Flyleaf Press has published two new guides: to tracing ancestors in Counties Tipperary and Leitrim. Both are filled with information on the records of these counties, and how and where they can be accessed. This includes guidance on Irish archives and on many on-line sources. Both titles are well illustrated with maps and examples of the types of records to be found; and with other background material. They also provide an understanding of the social history of the respective counties and how this history has affected the keeping and survival of records. There is also a comprehensive index. Read More
By Tom Coughlan, Author: Research always seems to throw up the unexpected. Before starting to write Tracing Your Leitrim Ancestors (Flyleaf Press 2018), I believed that Leitrim had always been the least populated county in Ireland – as it is today. However, this is not the case. In 1841 Leitrim had 155,000 residents, making it only the 6th smallest county in terms of population. It dropped to 112,000 in 1851, and continued to drop in every subsequent census. Other economic factors during the 20th century continued the decline to a low of around 25,000 in 1996. Since then it has risen to about 32,000. The decline of 28% between 1841 and 1851 can be attributed to the Great Famine of 1845-1849, and its aftermath of emigration and disease. The scale and duration of the impact makes Leitrim one of the most significantly affected. Perhaps the simplest explanation for this can be found in McPartlan’s Statistical Survey of the County Leitrim, 1802, which jokes that land in Leitrim was sold by the gallon and not by the acre. Like many other words written in jest, there is a large element of truth in this. Much of Leitrim is covered in water, and much of the rest is either mountain or bog. It is not a county offering a great living to a farmer, and neither does it support much industry.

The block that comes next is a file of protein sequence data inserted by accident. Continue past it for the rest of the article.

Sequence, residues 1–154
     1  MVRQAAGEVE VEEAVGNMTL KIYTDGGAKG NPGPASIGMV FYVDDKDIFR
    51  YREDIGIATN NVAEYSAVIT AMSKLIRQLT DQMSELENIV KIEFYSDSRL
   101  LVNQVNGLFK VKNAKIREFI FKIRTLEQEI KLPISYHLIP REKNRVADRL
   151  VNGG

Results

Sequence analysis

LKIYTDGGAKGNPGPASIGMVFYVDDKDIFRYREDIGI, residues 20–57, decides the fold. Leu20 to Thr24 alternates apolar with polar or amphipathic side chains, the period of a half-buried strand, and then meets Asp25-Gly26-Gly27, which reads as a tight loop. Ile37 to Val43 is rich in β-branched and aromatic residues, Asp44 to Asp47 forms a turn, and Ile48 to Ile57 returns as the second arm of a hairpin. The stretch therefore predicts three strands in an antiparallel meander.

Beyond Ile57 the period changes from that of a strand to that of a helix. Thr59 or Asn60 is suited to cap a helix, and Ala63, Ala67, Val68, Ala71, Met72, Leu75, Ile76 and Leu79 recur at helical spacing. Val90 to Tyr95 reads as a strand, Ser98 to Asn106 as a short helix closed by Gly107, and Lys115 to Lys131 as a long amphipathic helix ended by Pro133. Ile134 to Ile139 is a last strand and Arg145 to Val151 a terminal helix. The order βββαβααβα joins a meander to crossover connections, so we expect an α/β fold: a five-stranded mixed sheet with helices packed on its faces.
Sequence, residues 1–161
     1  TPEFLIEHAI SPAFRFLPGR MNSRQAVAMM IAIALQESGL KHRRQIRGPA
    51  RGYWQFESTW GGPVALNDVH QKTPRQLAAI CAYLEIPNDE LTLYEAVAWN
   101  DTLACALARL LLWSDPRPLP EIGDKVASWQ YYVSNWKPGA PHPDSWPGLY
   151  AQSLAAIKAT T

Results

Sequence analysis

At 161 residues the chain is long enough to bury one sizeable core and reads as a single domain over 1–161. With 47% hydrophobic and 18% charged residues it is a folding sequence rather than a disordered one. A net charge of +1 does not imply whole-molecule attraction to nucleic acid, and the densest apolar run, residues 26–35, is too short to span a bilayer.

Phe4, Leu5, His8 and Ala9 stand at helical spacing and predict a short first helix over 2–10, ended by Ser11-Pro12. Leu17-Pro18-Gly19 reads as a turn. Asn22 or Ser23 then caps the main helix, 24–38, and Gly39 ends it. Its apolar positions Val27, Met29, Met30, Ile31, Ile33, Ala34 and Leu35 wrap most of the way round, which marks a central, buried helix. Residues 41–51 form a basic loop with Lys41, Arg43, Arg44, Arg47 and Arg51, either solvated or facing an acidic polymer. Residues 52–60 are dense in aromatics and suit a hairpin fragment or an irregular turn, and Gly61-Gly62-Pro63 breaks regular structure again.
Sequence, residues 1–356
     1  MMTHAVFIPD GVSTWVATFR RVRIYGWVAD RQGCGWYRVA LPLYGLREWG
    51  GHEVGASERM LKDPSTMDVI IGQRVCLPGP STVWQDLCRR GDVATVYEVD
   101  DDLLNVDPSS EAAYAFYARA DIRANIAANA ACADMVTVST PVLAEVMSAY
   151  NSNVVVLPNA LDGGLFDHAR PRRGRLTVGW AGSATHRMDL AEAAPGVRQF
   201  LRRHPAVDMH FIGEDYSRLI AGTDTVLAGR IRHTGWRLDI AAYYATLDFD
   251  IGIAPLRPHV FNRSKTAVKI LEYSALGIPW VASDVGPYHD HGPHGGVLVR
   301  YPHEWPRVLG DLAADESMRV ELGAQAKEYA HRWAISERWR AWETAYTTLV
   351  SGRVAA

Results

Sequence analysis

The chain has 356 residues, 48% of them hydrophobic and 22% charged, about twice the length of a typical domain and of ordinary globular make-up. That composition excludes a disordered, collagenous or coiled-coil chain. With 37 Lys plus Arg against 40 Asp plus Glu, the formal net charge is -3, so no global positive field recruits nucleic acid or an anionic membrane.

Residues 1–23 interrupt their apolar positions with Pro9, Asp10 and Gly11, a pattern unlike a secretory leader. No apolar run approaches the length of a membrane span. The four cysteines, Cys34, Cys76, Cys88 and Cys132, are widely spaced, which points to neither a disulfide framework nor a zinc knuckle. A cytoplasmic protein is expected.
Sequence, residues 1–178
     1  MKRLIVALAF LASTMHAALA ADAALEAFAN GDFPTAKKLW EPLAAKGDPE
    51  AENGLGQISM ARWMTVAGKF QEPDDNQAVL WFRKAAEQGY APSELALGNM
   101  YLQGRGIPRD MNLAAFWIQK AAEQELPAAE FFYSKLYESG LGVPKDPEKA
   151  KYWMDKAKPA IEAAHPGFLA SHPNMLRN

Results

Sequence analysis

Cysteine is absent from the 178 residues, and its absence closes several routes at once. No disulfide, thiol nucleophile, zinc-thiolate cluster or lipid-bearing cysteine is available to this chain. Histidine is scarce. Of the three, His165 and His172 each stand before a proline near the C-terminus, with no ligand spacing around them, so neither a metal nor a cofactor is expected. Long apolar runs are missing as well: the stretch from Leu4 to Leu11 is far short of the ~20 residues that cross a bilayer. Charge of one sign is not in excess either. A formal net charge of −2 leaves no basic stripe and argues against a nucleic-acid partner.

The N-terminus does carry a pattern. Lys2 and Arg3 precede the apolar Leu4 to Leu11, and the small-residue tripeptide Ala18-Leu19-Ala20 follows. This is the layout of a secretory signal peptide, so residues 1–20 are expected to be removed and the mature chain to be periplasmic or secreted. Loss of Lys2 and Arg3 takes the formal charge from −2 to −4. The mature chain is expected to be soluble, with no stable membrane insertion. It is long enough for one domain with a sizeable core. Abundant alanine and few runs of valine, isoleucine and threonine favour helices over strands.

New Title – “Tracing your Leitrim Ancestors” now available
By Tom Coughlan
The title is a comprehensive guide to all of the records available for tracing families in County Leitrim and is filled with information on what the records contain, and how and where they can be accessed. This includes guidance on researching in Irish archives and on the many on-line sources now available. It is well illustrated with maps and with examples of the types of records to be found; and with other relevant background material. It also provides background on the social history of Leitrim and how this history has affected the keeping and survival of records. There is also a comprehensive index. This is the latest in a series of county guides published by Flyleaf Press. These include guides for Dublin, Kildare, Limerick, Sligo, Galway, Cork, Clare, Westmeath, Kerry, Limerick, Roscommon, Mayo and Donegal. Read More
This list of 131 tenants is from the index to a rental of the Woulfe & Mansfield estate in the period 1783–1811. The original is in the National Library of Ireland, NLI Ms. 9632. The Woulfe & Mansfield families had separate estates in Carrick-on-Suir, Co. Tipperary (Woulfe) and Rathgormuck, Co. Waterford (Mansfield). Read More